Little is known about the original inhabitants of Côte d'Ivoire. Historians believe that they were all either displaced or absorbed by the ancestors of the present inhabitants. The first recorded history is found in the chronicles of North African traders, who, from early Roman times, conducted a caravan trade across the Sahara in salt, slaves, gold, and other items. The southern terminals of the trans-Saharan trade routes were located on the edge of the desert, and from there supplemental trade extended as far south as the edge of the rain forest. The more important terminals--Djenné, Gao, and Timbuctu--grew into major commercial centers around which the great Sudanic empires developed. By controlling the trade routes with their powerful military forces, these empires were able to dominate neighboring states.
The Sudanic empires also became centers of Islamic learning. Islam had been introduced into the western Sudan by Arab traders from North Africa and spread rapidly after the conversion of many important rulers. From the eleventh century, by which time the rulers of the Sudanic empires had embraced Islam, it spread south into the northern areas of contemporary Côte d'Ivoire.
Ghana, the earliest of the Sudanic empires, flourished in present-day eastern Mauritania from the fourth to the thirteenth century. At the peak of its power in the eleventh century, its realms extended from the Atlantic Ocean to Timbuctu. After the decline of Ghana, the Mali Empire grew into a powerful Muslim state, which reached its apogee in the early part of the fourteenth century. The territory of the Mali Empire in Côte d'Ivoire was limited to the northwest corner around Odienné. Its slow decline starting at the end of the fourteenth century followed internal discord and revolts by vassal states, one of which, Songhai, flourished as an empire between the fourteenth and sixteenth centuries. Songhai was also weakened by internal discord, which led to factional warfare. This discord spurred most of the migrations of peoples southward toward the forest belt.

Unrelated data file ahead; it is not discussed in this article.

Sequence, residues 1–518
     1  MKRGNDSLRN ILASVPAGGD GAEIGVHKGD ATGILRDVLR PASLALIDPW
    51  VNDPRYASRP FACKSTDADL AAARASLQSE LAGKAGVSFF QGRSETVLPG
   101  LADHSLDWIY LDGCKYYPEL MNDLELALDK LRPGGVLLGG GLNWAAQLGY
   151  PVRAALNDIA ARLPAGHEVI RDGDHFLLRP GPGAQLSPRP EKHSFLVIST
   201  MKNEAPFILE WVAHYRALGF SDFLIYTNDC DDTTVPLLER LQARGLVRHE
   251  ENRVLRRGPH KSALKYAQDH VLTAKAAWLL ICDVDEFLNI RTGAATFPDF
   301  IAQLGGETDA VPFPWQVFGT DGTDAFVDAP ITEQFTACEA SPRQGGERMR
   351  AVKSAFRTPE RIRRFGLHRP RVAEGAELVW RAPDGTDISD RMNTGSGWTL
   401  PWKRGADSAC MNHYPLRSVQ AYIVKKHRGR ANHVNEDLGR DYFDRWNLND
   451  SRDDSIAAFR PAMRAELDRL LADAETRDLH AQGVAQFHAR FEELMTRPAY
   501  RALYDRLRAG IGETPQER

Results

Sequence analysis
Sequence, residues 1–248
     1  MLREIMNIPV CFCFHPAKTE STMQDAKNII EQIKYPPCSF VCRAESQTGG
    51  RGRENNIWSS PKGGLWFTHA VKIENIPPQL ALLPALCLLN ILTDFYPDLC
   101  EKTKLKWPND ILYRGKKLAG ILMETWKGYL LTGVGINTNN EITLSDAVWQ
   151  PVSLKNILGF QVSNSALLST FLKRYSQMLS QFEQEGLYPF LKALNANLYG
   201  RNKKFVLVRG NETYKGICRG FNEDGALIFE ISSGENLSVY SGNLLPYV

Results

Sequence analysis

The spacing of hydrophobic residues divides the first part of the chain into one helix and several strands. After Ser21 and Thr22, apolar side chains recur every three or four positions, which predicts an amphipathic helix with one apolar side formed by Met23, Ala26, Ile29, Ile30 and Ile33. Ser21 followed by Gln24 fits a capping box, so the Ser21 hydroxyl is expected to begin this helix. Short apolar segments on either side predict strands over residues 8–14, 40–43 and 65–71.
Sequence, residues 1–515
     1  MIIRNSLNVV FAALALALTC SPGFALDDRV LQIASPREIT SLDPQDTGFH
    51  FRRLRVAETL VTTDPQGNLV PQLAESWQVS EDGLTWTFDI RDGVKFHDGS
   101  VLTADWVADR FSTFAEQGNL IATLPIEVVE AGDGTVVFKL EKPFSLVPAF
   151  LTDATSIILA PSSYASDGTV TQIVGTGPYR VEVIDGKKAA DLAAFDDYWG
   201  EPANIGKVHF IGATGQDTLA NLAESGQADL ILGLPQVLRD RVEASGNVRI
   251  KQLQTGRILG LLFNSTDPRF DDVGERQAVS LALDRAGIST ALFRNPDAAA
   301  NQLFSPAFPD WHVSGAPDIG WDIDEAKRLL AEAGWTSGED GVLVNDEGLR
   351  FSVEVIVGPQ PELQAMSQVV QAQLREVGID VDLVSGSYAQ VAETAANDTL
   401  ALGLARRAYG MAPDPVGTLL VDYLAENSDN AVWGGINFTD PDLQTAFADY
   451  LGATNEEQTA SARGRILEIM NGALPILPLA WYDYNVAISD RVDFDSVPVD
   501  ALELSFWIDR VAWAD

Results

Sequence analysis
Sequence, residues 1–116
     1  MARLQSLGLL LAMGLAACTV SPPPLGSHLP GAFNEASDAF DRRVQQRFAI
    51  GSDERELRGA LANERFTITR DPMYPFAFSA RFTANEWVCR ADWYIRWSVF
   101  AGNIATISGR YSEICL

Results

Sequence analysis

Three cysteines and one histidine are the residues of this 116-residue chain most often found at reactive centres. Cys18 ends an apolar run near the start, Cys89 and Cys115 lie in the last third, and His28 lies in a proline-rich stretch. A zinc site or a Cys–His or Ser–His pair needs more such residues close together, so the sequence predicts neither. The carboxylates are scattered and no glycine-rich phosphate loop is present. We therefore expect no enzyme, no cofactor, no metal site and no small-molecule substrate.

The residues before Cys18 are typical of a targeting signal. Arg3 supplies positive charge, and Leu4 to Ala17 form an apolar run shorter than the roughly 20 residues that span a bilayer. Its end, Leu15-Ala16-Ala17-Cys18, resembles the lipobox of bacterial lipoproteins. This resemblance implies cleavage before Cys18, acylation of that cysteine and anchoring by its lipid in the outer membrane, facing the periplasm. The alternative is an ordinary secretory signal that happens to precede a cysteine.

The dense rain forest covering the southern half of the country created barriers to large-scale political organizations as seen further north. Inhabitants lived in villages or clusters of villages whose contacts with the outside world were filtered through long-distance traders. Villagers subsisted on agriculture and hunting.
Five important states flourished in Côte d'Ivoire in the preEuropean era. The Muslim empire of Kong was established by the Juula in the early eighteenth century in the north-central region inhabited by the Sénoufo, who had fled Islamization under the Mali Empire. Although Kong became a prosperous center of agriculture, trade, and crafts, ethnic diversity and religious discord gradually weakened the kingdom. The city of Kong was destroyed in 1895 by Samori Touré.
The Abron kingdom of Jaman was established in the seventeenth century by an Akan group, the Abron, who had fled the developing Asante confederation in what is present-day Ghana. From their settlement south of Bondoukou, the Abron gradually extended their hegemony over the Juula in Bondoukou, who were recent émigrés from the market city of Begho. Bondoukou developed into a major center of commerce and Islam. The kingdom's Quranic scholars attracted students from all parts of West Africa.
In the mid-eighteenth century in east-central Côte d'Ivoire, other Akan groups fleeing the Asante established a Baoulé kingdom at Sakasso and two Agni kingdoms, Indénié and Sanwi. The Baoulé, like the Asante, elaborated a highly centralized political and administrative structure under three successive rulers, but it finally split into smaller chiefdoms. Despite the breakup of their kingdom, the Baoulé strongly resisted French subjugation. The descendants of the rulers of the Agni kingdoms tried to retain their separate identity long after Côte d'Ivoire's independence; as late as 1969, the Sanwi of Krinjabo attempted to break away from Côte d'Ivoire and form an independent kingdom.
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